Department of Ecology, Evolution and Natural Resources

and

Ecology and Evolution Graduate Program Newsletter

 

 

December

2006

 

 

 

Previous newsletters may be found at:

http://www-rci.rutgers.edu/~deenr/news.html

 

 

 

Presentations:

 

Jeremy Feinberg, a Ph.D. student in Joanna Burgerís lab, presented a poster at the Eighth Conference of the Herpetological Association of Africa. North-West University, Potchefstroom, South Africa in November.

Feinberg, J.A., T.M. Green and K.E. Hoffmann.†† Using GIS to study habitat use and home range of rare herpetofauna at Brookhaven National Laboratory.

This fall Steven Handel presented lectures on restoration ecology at three universities:

  • University of Nevada, Reno, Department of Natural Resources and Environmental Science.
  • University of California at Irvine, Department of Ecology and Evolutionary Biology .
  • The New School University, New York City, Environmental Sensitivity Program .

 

Kristen Ross, a Ph.D. candidate in Joan Ehrenfeldís lab, gave a presentation titled: "Effects of Soil Amendments on the Nitrogen Dynamics of Japanese barberry (Berberis thunbergii) and Japanese Stiltgrass (Microstegium vimineum) in New Jersey Forests" at the Soils and Restoration Ecology Conference at Depaul University, Chicago, IL, December 18-20, 2006. This is a conference to promote soil ecology in the practice of restoration ecology.

 

Tom Virzi, a Ph.D. candidate in the Julie Lockwood lab, gave a presentation at the Annual Meeting of the American Oystercatcher Working Group on December 4th in Cedar Key, FL entitled "Evaluating American Oystercatcher Productivity:A Comparison of Nest Success Estimation Methods."

After the meeting the participants went on an excursion to survey wintering oystercatchers in the area and Tom resighted four birds that he banded in NJ last summer. That's the farthest south a NJ breeding oystercatcher has been resighted so far.....the banding efforts have been very helpful in understanding the migratory patterns of these birds.

 

 

Publications:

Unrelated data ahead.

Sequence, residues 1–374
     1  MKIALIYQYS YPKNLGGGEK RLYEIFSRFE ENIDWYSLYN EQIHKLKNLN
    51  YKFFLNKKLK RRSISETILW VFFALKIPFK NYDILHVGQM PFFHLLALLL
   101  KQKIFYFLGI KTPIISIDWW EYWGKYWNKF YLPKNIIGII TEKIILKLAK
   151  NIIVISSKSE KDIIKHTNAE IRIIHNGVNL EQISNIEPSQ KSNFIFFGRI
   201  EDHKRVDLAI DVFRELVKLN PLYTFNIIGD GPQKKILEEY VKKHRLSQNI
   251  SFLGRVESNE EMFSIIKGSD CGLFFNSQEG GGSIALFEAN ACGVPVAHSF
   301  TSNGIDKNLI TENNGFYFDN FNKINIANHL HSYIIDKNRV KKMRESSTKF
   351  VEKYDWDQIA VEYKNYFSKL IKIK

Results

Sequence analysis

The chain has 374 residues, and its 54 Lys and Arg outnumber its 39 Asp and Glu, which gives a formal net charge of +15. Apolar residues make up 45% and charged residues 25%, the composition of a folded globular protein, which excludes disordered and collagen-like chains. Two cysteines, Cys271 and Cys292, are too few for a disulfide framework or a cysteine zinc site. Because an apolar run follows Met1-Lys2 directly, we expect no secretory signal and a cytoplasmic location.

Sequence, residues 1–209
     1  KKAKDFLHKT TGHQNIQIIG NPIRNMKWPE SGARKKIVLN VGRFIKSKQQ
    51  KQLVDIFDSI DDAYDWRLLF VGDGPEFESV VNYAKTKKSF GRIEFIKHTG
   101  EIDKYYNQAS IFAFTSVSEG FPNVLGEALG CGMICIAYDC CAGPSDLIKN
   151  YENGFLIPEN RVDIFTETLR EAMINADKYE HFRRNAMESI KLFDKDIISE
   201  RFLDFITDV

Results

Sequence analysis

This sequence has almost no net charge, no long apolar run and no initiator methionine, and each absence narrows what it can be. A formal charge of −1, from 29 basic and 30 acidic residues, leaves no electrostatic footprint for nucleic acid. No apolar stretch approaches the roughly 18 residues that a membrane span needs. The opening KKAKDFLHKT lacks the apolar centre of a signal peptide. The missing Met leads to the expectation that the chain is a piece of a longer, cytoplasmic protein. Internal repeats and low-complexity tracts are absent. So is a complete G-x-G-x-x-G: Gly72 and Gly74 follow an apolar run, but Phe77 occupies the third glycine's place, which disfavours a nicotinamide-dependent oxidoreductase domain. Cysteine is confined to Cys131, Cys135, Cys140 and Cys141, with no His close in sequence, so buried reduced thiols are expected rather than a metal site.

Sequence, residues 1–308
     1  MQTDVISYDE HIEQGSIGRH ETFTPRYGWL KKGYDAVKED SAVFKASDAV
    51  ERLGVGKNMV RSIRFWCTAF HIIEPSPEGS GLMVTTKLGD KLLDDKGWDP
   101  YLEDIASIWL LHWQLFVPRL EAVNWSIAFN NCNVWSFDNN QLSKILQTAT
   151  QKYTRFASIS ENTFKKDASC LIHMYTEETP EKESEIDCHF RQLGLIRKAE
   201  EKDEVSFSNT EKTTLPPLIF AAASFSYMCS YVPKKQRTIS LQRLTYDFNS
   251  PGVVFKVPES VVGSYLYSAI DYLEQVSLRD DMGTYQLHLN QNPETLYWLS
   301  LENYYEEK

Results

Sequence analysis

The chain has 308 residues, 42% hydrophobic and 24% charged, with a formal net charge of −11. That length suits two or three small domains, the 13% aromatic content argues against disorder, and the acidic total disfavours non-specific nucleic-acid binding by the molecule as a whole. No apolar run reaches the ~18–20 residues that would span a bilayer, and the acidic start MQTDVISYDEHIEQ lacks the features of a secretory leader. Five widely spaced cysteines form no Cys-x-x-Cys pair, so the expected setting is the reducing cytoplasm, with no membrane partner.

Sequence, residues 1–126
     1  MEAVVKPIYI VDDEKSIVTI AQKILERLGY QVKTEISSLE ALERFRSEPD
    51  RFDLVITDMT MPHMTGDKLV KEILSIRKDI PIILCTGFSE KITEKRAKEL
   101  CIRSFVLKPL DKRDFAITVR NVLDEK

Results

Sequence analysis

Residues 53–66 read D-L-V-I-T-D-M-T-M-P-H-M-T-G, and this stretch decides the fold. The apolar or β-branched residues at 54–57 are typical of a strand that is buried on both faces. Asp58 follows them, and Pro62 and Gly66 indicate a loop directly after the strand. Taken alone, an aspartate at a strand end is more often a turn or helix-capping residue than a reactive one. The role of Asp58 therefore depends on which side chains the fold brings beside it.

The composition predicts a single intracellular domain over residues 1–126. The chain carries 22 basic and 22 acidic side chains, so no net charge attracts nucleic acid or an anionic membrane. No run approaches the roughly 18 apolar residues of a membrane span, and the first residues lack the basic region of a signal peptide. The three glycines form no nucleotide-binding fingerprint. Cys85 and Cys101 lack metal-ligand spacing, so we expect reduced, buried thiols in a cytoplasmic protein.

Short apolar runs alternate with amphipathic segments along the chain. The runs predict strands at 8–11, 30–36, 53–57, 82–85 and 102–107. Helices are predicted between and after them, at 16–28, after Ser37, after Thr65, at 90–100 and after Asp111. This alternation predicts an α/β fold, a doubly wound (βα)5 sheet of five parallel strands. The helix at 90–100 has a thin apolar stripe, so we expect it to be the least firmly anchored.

Myla Aronson, a Ph.D. candidate in the Steven Handel lab, reports a publication:

Aronson, M. F. J., S. N. Handel, and S. E. Clemants. 2006. Fruit type, life form and origin determine the success of woody plant invaders in an urban landscape.  Biological Invasions (in press).

 

 Ehrenfeld, J. G. 2006. A potential novel source of information for screening and

monitoring the impact of exotic plants on ecosystems. Biological Invasions. 8:1511-1521.

 

John Tedrow, Professor emeritus, presented an invitational report at the World Congress of Soil Science entitled: Latitudinal Zonation of Polar Soils. The report is scheduled for publication in Pochvovedenie.

 

John Tedrow, Professor emeritus, wrote a review of Dr. Daniel Hillelís latest book (his No. 22) entitled The Natural History of the Bible. The review is scheduled for publication in Soil Science in January 2007. You may recall that Dan gave a seminar at Rutgers a few years ago. Further, he was a graduate student in the Soils Dept during the late 1940ís.

Post-Doc Activities:

 

Mikael Forup in the Handel lab was recently invited to a workshop on environmental improvement in Shandung Providence, China.

Faculty Achievements and Activities:

 

Steven Handel and Steven Clemants of CURE are the restoration ecologists on the team that has won the national competition to redesign the Great Falls State Park in Paterson, NJ.  The project will completely re-do the landscape around the falls and the Passaic River in Paterson and add back much natural diversity to the slopes and woodlands around that reach of the river.